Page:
12-y-o collapses, dies after football game following hospital visit
Shock and sadness overwhelmed the Rae Town, Kingston home of 12-year-old Holy Trinity High School student Karuki Moncrieffe yesterday, a day after he collapsed in his community and was later pronounced dead at the Bustamante Children's Hospital.
His mother, Juliet Irving, was beside herself with grief when The Gleaner visited the William Street family home yesterday.
She said that Karuki, who was asthmatic, was wheezing when she took him to the Kingston Public Hospital (KPH) on Wednesday morning some time after 6 a.m.
He was discharged in the afternoon after undergoing some tests and X-rays.
“They gave him the blue pump, the prednisone, and they gave him oxygen. ... They did a heart test and they did an X-ray. When they did the X-ray, they said they don't see nothing. When they did the heart test, they said it was fine also,” Irving said.
Irving said that after leaving the hospital just before midday, she sent Karuki home and went to work.
The few hours spent together that morning are etched in her memory as the last time she saw her son alive.
“Me and him did stop in a store I always buy clothes. The lady was like weh him a come from back a mi, and mi say, 'Up a hospital', and mi just go put him pon a taxi. Him did want mi put him pon the taxi long time and me a say to him, 'No bother rush',” the grieving mom recalled.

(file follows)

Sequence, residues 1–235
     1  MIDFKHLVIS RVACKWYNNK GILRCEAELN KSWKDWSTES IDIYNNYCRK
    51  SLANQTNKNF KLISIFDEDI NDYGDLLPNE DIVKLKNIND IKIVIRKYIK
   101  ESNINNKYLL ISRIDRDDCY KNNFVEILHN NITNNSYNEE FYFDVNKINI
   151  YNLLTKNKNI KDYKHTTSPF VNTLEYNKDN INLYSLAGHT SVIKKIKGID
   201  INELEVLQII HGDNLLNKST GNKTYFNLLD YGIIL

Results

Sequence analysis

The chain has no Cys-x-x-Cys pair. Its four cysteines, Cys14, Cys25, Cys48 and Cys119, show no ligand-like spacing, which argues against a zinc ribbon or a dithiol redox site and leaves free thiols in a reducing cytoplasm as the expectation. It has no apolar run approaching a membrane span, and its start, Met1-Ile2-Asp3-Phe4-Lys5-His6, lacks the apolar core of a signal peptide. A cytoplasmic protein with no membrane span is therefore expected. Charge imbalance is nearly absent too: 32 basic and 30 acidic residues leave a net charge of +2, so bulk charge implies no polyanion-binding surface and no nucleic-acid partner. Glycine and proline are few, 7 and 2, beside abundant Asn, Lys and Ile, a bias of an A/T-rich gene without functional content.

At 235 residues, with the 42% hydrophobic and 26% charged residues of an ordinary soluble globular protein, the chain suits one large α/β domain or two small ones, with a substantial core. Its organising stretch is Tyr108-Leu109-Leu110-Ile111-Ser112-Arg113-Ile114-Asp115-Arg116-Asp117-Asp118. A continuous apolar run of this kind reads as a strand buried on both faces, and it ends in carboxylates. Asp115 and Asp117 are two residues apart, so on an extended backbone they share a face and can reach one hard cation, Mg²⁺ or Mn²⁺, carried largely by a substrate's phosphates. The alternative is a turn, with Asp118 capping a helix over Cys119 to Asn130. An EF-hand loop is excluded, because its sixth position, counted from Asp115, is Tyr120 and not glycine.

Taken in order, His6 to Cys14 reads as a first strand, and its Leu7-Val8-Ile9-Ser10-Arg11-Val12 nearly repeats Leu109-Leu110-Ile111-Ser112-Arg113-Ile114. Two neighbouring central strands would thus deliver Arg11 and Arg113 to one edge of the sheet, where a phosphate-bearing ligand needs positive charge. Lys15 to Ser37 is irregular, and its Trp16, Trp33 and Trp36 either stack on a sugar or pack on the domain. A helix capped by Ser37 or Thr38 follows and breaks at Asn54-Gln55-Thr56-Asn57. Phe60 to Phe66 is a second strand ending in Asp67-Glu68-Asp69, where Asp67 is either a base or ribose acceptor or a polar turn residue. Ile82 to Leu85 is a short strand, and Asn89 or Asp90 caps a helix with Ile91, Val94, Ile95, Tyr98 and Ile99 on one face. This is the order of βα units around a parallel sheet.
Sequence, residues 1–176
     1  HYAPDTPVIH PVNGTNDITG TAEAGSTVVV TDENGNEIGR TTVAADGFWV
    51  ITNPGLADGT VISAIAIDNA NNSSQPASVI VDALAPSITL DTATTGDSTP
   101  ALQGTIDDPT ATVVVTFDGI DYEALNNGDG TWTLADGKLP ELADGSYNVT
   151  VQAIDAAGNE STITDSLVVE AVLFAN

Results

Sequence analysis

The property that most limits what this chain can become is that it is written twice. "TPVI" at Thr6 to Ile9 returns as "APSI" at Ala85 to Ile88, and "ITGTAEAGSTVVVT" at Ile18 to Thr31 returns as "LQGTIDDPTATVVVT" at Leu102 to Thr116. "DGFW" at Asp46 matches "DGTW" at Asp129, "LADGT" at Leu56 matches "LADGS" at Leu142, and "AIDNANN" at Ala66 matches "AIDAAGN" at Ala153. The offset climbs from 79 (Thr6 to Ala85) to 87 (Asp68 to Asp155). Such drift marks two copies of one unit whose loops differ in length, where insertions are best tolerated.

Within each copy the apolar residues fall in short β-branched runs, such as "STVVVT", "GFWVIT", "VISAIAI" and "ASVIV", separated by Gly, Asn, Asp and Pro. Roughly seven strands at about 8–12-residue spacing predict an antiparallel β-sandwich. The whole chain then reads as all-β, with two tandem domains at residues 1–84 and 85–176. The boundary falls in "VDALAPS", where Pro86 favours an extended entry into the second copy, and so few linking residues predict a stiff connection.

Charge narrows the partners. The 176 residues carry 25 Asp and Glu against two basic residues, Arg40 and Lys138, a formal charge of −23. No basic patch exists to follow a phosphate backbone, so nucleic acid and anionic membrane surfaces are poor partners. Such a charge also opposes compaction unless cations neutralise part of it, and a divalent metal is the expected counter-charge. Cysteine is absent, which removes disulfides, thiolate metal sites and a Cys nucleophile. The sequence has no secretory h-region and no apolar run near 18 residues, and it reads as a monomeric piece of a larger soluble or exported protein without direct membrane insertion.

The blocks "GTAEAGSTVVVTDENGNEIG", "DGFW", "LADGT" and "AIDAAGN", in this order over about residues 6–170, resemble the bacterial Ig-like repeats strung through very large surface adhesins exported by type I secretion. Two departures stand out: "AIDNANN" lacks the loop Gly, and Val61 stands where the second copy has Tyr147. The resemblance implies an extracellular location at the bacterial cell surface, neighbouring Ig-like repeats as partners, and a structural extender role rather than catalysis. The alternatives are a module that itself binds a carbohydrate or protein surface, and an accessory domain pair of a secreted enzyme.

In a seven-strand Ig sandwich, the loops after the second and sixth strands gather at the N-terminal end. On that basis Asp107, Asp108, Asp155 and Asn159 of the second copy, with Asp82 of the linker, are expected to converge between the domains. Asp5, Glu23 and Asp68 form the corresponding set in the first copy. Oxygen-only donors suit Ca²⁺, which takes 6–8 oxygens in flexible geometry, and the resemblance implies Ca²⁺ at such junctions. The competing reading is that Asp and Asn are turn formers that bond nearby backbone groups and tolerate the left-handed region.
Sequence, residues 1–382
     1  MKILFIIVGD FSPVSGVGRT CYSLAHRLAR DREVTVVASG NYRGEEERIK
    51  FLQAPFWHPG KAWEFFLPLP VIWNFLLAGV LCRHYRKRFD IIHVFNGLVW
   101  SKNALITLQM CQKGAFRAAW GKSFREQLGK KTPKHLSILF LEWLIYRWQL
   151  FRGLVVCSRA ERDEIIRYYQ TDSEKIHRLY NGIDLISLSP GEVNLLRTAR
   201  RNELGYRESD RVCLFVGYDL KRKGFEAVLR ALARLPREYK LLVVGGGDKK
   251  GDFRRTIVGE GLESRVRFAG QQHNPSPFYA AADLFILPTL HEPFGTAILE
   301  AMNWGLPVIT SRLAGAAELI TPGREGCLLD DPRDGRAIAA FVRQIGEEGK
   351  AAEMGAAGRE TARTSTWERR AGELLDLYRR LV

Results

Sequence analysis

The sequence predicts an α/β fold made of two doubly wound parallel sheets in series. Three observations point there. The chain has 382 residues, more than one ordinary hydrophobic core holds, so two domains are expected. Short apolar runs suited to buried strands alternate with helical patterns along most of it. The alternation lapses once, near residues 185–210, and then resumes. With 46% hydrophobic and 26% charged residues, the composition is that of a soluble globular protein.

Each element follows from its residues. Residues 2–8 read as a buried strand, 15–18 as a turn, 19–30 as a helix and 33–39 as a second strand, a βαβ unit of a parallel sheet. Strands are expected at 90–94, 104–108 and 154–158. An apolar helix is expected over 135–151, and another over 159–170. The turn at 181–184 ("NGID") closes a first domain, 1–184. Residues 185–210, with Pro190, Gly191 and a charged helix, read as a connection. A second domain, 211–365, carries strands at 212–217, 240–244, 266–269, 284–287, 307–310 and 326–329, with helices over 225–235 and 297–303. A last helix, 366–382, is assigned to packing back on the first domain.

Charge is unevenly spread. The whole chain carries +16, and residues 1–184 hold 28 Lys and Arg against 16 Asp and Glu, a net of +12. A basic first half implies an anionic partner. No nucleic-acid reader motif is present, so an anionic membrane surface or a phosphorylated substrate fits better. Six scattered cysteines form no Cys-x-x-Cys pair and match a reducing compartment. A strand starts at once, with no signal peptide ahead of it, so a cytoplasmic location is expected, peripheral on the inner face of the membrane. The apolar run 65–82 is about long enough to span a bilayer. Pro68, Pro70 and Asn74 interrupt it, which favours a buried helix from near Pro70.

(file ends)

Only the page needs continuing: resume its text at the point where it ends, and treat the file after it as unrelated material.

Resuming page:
Irving said that Karuki went home and later engaged in his favourite past time: playing football.
Some time after the game, he was reportedly found unresponsive.
“The young man that see him say him see him drop down outside there. Him a say a go him go buy something, and him a say, 'Karuki, get up', and him see that him can't get up. Him lift him up and put him in the car and carry him weh,” Irving said.
Then she got a phone call that shattered her world.
Irving told The Gleaner that she rushed to the KPH, thinking that it was where her son had been taken, but was later told to go to Bustamante Children's Hospital, where she was informed that Karuki had been pronounced dead.
Up to the time she spoke with The Gleaner yesterday, the devastated Irving had not yet notified Holy Trinity High of the passing of the seventh-grader as she was taking some time to come to terms with the tragedy.
Irving describes Karuki as a bright lad, who was efficient in technology and had a knack for fixing devices.
“The phone and tablet, him brilliant dem way deh. Him have technique. If I don't know anything about my phone, a him I have to call and him just do it. Him show mi what to do,” Irving said.
She added that Karuki, who was being assisted in his learning development by a set of university students, had performed well in online classes and she was looking forward to him continuing along that path with the resumption of face-to-face classes.
“Karuki love tell me say him love mi. Him tell mi say him love me because me give him everything weh him want. Him tell mi say him love him father and him father maybe can't afford it, but him always look to mommy,” she said of the youngest of her four children.
Irving said that her 20-year-old, the second-to-last child, has been finding it hard to cope.
“The one that him follow almost mash up the things in my house. I have to just hold on to him, hug him up and have him on the ground, pamper him,” she said.
Twelve-year-old Kalilah Gowe, Karuki's niece who is commonly regarded as his twin because of their interaction, was also mourning.
“Mi miss everything bout him,” she said, noting that their birthdays were only a month apart.